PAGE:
Knowing When to Delegate

March 14, 2012 | Author: PM Hut | Filed under: Delegation

Knowing When to Delegate
By David Egan, Global Knowledge Instructor

Time and time again there’s many a manager who gets swamped with work that he can’t delegate, and sometimes the reasons are related to the manager’s inability to trust his staff to deliver on time or at all.

Delegating is an important skill for any manager. It requires a clear understanding of various team members’ skill sets as well as their ability to meet deadlines and work alone or with others.

Some managers have people who may or may not have all the needed skills. For those who don’t, maybe no new hires can be added, and new skill development might take too long or cost too much, so what to do when you’re stuck? You might be able to do the task yourself… but then you don’t need a staff if you do it all yourself. Remember that your staff has something that got them to where they are now.

Personality Counts

Certain types of personalities want to grow their skills and may be more likely to take on new tasks if they know they’ll be supported. This may require you or someone from another department mentoring them during some of the project. Add this into the plan, and stretch the time line to accommodate the extra time mentoring and on the job learning adds.

There may also be certain personalities/staff who don’t want to extend themselves or don’t want to do anything out of their current comfort zones. This is where a manager with good people skills will try to discover ways of motivating those employees to take initiative, to help others progress (mentoring), and/or get more authority or autonomy in order to accept stepping out into a new role. There are ways to get more out of almost anyone, you just have to look deeper, find the hidden triggers. You may be pleasantly surprised… or not.

Every time you stretch your skills and those of your staff, these are your own “lessons learned”… developing your people skills and developing your staff’s skills constantly. Delegation will become easier, your trust level will rise, as will your staff’s trust in you to back them when things get tight.

Delegate or suffocate… which do you prefer?

This article was originally published in Global Knowledge’s Business Brief e-newsletter. Global Knowledge delivers comprehensive hands-on project management, business process, and professional skills training. Visit our online Knowledge Center at www.globalknowledge.com/business for free white papers, webinars, and more.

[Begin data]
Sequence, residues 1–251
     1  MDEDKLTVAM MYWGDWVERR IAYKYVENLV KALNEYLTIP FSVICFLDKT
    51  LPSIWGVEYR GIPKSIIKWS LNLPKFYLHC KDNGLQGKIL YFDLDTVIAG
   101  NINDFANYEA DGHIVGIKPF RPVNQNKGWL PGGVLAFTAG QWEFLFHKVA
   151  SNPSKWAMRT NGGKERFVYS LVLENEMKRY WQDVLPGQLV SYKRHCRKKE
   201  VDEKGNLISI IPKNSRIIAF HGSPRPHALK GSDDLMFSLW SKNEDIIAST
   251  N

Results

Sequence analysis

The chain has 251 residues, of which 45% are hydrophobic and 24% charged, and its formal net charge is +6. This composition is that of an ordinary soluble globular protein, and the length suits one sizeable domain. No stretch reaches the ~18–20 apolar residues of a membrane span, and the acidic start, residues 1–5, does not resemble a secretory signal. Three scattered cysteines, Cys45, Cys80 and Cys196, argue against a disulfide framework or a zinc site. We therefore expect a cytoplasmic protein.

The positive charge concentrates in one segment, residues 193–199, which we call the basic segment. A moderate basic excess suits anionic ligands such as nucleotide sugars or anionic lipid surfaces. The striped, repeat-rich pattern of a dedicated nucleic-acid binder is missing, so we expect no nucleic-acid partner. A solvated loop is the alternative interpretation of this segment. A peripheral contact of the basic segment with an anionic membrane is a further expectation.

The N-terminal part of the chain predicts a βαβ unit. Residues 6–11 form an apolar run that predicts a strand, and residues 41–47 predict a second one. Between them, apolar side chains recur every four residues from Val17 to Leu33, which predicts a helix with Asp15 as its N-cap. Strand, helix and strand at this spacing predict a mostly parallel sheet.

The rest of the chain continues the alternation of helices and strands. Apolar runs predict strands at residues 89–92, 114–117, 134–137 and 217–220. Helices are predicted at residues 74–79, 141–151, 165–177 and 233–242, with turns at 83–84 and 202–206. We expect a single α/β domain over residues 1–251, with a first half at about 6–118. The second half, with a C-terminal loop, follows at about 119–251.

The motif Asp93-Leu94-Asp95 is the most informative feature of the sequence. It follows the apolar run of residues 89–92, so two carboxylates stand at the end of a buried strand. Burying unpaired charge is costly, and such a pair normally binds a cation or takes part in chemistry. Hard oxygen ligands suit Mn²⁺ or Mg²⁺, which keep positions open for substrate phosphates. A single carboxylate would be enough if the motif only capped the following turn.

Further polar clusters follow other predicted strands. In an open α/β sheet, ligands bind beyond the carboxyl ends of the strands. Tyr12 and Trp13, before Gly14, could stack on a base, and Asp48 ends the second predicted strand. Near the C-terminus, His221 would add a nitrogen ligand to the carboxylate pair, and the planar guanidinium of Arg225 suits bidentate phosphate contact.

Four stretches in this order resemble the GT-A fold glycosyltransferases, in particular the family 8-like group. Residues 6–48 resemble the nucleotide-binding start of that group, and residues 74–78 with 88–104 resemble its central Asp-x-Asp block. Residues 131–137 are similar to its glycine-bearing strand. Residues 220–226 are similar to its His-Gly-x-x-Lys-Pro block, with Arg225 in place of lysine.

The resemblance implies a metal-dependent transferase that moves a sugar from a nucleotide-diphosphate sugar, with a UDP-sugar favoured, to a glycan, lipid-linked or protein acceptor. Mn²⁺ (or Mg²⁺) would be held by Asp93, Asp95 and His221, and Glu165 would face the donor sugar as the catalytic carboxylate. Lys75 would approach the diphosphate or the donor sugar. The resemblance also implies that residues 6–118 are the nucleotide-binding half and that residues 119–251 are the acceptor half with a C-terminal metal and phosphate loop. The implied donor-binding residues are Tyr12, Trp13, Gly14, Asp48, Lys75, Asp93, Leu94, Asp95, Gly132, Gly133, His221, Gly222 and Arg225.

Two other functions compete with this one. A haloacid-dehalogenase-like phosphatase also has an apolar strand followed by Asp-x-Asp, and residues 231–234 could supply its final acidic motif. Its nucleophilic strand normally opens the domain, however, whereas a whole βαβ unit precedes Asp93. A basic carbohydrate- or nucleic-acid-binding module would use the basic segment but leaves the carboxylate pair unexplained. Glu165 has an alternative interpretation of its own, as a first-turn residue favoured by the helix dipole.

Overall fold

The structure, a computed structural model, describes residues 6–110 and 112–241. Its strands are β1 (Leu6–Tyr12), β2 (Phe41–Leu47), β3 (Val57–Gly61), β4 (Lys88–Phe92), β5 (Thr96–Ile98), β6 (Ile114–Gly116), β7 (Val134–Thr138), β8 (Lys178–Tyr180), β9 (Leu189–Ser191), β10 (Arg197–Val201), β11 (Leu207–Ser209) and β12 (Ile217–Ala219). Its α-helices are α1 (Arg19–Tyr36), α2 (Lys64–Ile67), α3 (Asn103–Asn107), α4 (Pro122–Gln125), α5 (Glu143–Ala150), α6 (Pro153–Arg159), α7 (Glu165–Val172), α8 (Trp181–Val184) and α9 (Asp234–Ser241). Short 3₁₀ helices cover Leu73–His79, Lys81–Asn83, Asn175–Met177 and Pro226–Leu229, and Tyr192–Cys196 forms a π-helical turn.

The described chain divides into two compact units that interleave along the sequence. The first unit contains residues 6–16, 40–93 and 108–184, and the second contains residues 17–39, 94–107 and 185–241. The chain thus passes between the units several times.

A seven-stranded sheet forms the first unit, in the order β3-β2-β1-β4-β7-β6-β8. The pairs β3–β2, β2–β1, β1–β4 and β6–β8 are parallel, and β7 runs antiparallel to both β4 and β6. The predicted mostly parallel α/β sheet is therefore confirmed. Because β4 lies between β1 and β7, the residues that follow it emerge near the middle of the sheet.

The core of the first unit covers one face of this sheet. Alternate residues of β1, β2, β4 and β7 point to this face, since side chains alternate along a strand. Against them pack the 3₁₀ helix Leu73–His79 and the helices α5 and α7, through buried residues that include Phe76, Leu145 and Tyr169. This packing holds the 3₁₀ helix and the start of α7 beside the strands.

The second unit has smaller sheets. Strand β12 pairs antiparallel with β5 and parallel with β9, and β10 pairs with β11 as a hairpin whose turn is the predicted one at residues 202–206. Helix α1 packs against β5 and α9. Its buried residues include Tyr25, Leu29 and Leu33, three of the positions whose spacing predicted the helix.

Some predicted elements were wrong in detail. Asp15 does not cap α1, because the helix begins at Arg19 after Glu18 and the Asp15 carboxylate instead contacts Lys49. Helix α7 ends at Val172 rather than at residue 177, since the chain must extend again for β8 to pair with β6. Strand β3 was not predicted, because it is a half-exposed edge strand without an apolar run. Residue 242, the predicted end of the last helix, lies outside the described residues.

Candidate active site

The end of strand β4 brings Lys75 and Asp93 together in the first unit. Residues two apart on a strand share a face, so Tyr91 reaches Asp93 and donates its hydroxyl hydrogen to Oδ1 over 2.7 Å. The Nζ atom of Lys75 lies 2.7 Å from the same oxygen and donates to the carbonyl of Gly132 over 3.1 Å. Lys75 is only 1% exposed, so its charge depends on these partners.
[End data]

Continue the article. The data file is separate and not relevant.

© Copyright 2012, Global Knowledge. All rights reserved.

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1 person has left a comment

Interesting article and I completely agree that good (project)managers are the ones who authorize and delegate to their team and the staff.
Its not just about delegating to one person that brings value to the project, but in my experience delegating to the team.

When you empower your team - you actually empower yourself as a leader/manager!

But before you can delegate you need to make the team know that you trust them, trust is a prerequisite for delegating authority - so lets assume that we have this and that the sufficient competencies in the team are available.

After you have delegated the task - trust the team/individual to make the right moves - mingle if necessary, avoid meddling! That will remove the trust and create a suspicious team/individual.

When you have outlined the project and completed the initial planning, scoping, scheduling activities you will also be able to assess which ares you can delegate and how much authority you will delegate.
Remember to re-visit this, if your team grows you are able to delegate more, if they are not able to act with-in the authority you have empowered them you will need to assess how future activities are delegated.
So you need to be careful if it is a new team how much you delegate from the start, once you have delegated authority, it can be difficult to withdraw.

Kasper Jorgensen wrote on March 15, 2012 - 1:35 pm | Visit Link

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